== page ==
Muscle Strength and Endurance in Weight Training

There are two types of people who lift weights: those who want big muscles and those who just want to tone and tighten up without getting bigger. Those looking for size tend to grab the heaviest weights and stick to fewer reps. Those who are afraid of “bulking up” generally reach for the lighter weights and do more repetitions to achieve a “toned” look.

So is this the right way to go? Is there a difference between these two types of training? 

Strength vs. Endurance

Young woman at gym working her arms with dumbbells
Lucy Lambriex / Getty Images  

Yes, there is a difference between these two types of training, but everyone needs muscle strength and muscle endurance training for a well-balanced muscular system and a high-functioning metabolism.

Doing fewer repetitions with more weight will help you increase your strength. On the other hand, doing more repetitions with lighter weights will help you build endurance. You absolutely need both in your everyday life.

Muscle strength is the ability to exert a maximal amount of force for a short period of time. For example, lifting something very heavy. In the gym, that may be bench-pressing a heavy barbell for 5 to 8 repetitions. In your real life, this may look more like moving a heavy piece of furniture or pushing your car out of a snow ditch—that requires strength.

Muscle endurance, on the other hand, is the ability to do something over and over for an extended period of time without getting tired. In the gym, that may be doing 50 bodyweight squats in a row, moving to a rhythm. In your real life, this might look more like using your legs to push a lawnmower for an hour, or carry boxes back and forth when you are helping someone move.

How to Plan Your Strength Workouts

While at the gym, you will see a variety of people doing a variety of strength and endurance exercises. Effective strength classes should incorporate some exercises that build muscle strength and some that involve muscle endurance to round out the participants’ training. In the real world, you never know whether you’ll need strength or endurance to complete everyday tasks.

When you plan your own workouts, try to focus on both muscle strength and muscle endurance.

Some days it will be good to focus on endurance and use lighter weights going for more repetitions. This is often combined with cardio exercises. However, it is crucial that you also spend at least 2 days a week using heavy weights so that after only a few repetitions you are at muscle failure. This not only keeps you strong but boosts your metabolism to run at a higher rate.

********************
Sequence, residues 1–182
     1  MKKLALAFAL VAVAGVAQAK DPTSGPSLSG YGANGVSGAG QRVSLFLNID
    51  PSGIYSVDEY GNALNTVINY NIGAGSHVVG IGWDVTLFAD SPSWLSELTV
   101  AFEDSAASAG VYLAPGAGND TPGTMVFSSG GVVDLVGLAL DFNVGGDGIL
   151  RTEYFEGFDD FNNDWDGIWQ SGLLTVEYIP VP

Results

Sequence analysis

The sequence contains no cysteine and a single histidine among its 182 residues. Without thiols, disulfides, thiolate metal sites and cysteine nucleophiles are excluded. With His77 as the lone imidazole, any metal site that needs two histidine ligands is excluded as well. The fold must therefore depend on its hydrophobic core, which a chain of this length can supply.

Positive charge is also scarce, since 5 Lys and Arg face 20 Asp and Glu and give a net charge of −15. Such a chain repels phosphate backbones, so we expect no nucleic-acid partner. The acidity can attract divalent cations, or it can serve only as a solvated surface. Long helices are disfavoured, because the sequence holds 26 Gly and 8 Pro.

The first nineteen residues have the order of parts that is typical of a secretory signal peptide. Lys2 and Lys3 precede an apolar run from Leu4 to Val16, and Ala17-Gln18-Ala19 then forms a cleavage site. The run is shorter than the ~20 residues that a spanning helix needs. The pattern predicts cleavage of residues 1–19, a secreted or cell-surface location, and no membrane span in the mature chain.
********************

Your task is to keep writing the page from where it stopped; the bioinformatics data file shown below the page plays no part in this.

How? More muscle on your body, more calories you will churn through every single day even at rest.

Lastly, using heavy weights will help build strength and increase muscle mass. Men genetically can develop more muscle mass through heavy lifting. However, women, for the most part, do not have the type of testosterone to create that huge muscle-bound look. And having more muscle is a good thing.

The more muscle you have, the more calories your body will burn throughout the day and the more strength you will have to perform any activity that comes your way.

Where Do I Go From Here?

If you are looking for a lean, sculpted appearance the answer is simple, though perhaps not easy:

  • Choose a healthy, clean diet including lots of lean protein and vegetables along with some fruits and complex carbohydrates. Limit your sugar and alcohol intake.
  • Do at least 150 minutes of cardio exercise a week; that’s 30-minutes a
    day for most days to burn calories and reduce body fat. Your best bet is to focus on interval training that combines cardio activity with muscle endurance exercises. For example, bodyweight jump squats or jumping jacks or punches.
  • Strength train with heavy weights at least 2 days a week.
1 Source
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  1. Braith RW, Graves JE, Pollock ML, Leggett SL, Carpenter DM, Colvin AB. Comparison of 2 vs 3 days/week of variable resistance training during 10- and 18-week programs. Int J Sports Med. 1989;10(6):450-4. DOI:10.1055/s-2007-1024942

By Chris Freytag
Chris Freytag is an ACE-certified group fitness instructor, personal trainer, and health coach. She is also the founder of